WASHINGTON - Federal regulators imposed new curbs on the practice of short-selling yesterday, hoping to prevent spiraling sales sprees in a stock that can stoke market turmoil.
The Securities and Exchange Commission, divided along party lines, voted 3 to 2 at a public meeting to adopt new rules.
The rules put in a so-called circuit breaker for stock prices, restricting for the rest of a trading session and the next one any short-selling of a stock that has dropped 10 percent or more.
Short-sellers bet against a stock, in a practice that is legal and widely used on Wall Street. They borrow a company’s shares, sell them, and then buy them when the stock falls and return them to the lender - pocketing the difference in price.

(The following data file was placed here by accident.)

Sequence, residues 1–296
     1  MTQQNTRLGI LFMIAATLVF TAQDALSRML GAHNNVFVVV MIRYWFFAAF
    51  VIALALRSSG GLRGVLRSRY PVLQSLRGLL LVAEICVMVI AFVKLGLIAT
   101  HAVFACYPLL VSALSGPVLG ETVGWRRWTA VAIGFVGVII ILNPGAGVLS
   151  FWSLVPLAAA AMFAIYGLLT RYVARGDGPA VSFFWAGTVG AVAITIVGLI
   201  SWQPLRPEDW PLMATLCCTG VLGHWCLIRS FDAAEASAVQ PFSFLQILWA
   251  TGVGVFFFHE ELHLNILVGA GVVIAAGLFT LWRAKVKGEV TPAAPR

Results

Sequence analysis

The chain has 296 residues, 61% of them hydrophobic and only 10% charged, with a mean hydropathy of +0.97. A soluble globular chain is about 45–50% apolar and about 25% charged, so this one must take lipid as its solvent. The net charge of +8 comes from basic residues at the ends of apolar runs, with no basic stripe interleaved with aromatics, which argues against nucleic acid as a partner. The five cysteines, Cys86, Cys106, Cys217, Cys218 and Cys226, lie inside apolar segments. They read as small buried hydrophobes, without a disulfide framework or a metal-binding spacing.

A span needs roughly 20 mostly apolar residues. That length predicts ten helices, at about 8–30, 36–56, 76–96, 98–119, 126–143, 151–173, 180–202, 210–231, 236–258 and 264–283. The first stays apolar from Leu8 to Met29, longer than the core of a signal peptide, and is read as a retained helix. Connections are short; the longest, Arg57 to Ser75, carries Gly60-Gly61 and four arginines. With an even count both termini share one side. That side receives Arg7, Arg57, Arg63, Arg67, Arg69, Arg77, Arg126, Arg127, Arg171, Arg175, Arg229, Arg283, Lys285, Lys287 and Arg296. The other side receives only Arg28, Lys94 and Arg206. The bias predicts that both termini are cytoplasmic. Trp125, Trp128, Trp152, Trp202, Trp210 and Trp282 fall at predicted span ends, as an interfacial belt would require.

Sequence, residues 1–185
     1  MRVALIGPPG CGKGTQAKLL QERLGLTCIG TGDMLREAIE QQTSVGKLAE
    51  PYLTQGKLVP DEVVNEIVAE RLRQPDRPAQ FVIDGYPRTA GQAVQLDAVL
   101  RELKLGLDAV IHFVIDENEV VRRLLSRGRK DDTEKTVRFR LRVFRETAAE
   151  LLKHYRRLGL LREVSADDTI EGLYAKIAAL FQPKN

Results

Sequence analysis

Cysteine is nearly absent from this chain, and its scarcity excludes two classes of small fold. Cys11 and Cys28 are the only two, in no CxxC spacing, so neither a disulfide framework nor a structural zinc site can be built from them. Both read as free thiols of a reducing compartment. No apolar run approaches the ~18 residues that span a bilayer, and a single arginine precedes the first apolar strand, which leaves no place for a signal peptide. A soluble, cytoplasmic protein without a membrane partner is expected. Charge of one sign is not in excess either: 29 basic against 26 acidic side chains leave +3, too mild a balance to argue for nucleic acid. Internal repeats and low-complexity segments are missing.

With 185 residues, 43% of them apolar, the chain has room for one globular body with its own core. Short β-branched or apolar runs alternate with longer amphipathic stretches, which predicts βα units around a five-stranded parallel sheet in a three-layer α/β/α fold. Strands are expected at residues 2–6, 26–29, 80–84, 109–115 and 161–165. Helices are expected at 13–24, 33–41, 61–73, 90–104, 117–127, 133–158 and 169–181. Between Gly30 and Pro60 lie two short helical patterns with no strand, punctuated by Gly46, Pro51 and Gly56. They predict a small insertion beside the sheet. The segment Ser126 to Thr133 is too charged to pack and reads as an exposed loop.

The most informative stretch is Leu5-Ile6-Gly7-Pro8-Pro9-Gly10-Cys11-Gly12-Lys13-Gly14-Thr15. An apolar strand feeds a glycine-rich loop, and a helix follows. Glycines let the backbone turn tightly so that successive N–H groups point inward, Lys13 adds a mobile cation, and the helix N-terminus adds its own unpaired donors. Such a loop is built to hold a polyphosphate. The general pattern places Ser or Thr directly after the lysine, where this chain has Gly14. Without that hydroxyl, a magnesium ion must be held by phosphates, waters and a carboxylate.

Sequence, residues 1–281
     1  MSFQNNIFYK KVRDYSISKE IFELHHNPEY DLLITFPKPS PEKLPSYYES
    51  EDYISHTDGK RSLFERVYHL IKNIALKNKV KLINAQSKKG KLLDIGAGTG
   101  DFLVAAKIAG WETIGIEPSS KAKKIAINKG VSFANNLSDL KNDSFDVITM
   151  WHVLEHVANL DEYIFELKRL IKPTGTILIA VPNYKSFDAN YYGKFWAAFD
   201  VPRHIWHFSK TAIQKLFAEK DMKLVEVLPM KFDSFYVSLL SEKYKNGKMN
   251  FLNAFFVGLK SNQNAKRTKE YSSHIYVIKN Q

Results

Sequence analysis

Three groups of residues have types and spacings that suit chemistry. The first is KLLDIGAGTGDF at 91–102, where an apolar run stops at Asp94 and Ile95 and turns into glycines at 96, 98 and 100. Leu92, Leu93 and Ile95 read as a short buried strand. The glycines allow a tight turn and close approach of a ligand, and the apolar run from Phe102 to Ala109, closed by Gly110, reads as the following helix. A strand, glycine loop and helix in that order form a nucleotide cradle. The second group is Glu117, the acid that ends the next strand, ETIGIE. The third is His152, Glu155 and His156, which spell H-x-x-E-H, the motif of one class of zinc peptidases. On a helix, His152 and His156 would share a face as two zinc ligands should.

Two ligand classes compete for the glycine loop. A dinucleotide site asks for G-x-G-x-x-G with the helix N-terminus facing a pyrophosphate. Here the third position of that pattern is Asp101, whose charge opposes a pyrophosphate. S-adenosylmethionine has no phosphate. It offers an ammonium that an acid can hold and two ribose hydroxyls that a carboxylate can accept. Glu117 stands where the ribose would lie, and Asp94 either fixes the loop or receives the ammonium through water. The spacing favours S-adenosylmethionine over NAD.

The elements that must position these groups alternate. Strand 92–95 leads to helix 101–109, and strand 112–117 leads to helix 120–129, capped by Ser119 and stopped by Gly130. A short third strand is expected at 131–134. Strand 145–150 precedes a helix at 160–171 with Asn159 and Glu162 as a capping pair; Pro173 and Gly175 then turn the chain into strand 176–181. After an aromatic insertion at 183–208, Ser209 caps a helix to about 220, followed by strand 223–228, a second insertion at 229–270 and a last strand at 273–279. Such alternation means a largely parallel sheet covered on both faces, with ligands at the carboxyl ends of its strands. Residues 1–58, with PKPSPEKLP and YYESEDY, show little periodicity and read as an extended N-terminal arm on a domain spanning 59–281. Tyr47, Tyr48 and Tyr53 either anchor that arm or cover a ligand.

Investor confidence was shaken as the market plunged amid the financial crisis in the fall of 2008, and proponents of restoring restraints said they were needed to prevent abusive trading. But opponents said new restrictions could eliminate the benefits of short-selling - bringing capital into the markets and accurate stock prices to the surface - and actually hurt investor confidence.